Geoff Burgan: I appreciate it, Stephen. It was a really good cycle for Democrats broadly. You know, going to hold the Senate; narrow, narrow defeat in the House, we owe a lot of credit to Speaker Pelosi, who has announced her future plans to move on. We owe a great deal of gratitude to those folks. And in the AG space, we're feeling great over here, at DAGA. You know, right now we are looking at a really good cycle. We have held some of the toughest seats in the country, states that are going to be presidential battlegrounds for the next generation or so. We feel really, really good about where we're at as we close out a really tough cycle.

We're feeling great over here, at DAGA. You know, right now we are looking at a really good cycle. We have held some of the toughest seats in the country, states that are going to be presidential battlegrounds for the next generation or so.

Loss of Iowa Attorney General Tom Miller

Stephen Cobb: Not that anyone's keeping score, but I'm fairly certain and I'm sure someone will call me on this, that I was almost perfect in my calls from six months ago as to how they turned out on Election Day with the only the only one that I know I got wrong, which was very sad and something that I know DAGA's talked about. But was the loss of Tom Miller in Iowa. Can you talk a little bit about some of the dynamics in Iowa and maybe just a little bit about Tom Miller and his role as being kind of the dean of Democratic AGs as well?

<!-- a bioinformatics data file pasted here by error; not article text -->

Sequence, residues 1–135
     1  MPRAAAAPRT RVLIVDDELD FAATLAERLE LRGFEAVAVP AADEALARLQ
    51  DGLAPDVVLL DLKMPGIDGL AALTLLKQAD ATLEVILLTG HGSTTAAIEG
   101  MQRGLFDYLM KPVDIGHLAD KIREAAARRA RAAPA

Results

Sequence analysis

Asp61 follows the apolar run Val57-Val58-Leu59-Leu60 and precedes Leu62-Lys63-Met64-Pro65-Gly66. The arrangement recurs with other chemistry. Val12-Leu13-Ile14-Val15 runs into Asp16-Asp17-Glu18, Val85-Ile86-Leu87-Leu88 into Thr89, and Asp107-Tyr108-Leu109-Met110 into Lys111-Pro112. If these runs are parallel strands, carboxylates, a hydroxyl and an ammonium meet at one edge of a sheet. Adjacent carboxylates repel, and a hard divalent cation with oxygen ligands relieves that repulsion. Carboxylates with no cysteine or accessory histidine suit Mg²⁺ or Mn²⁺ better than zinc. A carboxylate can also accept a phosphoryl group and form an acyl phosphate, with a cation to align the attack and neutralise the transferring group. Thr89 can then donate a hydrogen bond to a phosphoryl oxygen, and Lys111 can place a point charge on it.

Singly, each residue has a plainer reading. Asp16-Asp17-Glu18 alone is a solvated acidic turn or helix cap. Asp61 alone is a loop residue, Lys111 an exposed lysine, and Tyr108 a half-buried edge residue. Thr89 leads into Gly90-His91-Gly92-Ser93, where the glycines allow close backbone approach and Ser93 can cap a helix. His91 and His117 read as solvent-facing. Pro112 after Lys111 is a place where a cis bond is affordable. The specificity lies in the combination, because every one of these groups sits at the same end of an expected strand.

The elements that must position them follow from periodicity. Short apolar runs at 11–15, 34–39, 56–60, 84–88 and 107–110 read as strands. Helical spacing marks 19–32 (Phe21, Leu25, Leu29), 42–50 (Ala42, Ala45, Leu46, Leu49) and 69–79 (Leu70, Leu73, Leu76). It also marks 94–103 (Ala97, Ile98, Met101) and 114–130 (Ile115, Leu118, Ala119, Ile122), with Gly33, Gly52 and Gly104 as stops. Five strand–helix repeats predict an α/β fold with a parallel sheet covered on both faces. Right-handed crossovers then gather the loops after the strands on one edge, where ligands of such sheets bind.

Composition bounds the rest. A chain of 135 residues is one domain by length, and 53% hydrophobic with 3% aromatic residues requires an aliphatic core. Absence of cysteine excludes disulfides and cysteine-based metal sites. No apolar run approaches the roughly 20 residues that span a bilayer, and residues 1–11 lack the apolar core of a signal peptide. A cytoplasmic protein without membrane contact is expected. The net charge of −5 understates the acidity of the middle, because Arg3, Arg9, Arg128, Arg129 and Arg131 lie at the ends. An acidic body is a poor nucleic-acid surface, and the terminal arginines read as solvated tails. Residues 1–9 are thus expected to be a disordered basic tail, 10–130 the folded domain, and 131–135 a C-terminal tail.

Geoff Burgan: Yeah, losing AG Miller is absolutely a blow to the Democratic AG room, to DAGA. AG Miller was a co-founder of DAGA 20 years ago. We're celebrating our 20th anniversary this year and AG Miller has just been instrumental, he was one of the three co-founders, has been with us every step of the way and ran a really strong race this year. You know, AG Miller outperformed both the Senate nominee in Iowa as well as the gubernatorial nominee by quite a bit. I think it speaks to his record of service. You don't become the longest serving attorney general in U.S. history without putting your state and its constituents first and foremost over any political party. And while he's been instrumental to DAGA, he's been more instrumental to Iowa. So we will really miss him. We know he's going to continue to make his voice heard and be a force in our room. Ultimately, the dynamics of that state just caught up to him. You know, the map of President Obama's 2008 presidential win in Iowa looks nothing like the map of 2020. That state has run away from us at the federal level. And it is a cautionary tale for Democrats that we do need to work to continue to keep ourselves competitive in rural counties, even if we don't win them, which we may not. A hallmark of the Obama team was that they were able to keep margins down in places where they might lose, but they weren't going to lose by a little bit less. Right now, we're getting blown out in some of the rural areas of Iowa. And unfortunately, after, you know, President Trump won Iowa twice we're locked out of the congressional delegation in that state as well. And unfortunately, AG Miller fell just short this year. So our hats and our hearts are out to him. We really appreciate, like I said, everything he's done for us. We know he's going to continue to do for all of us.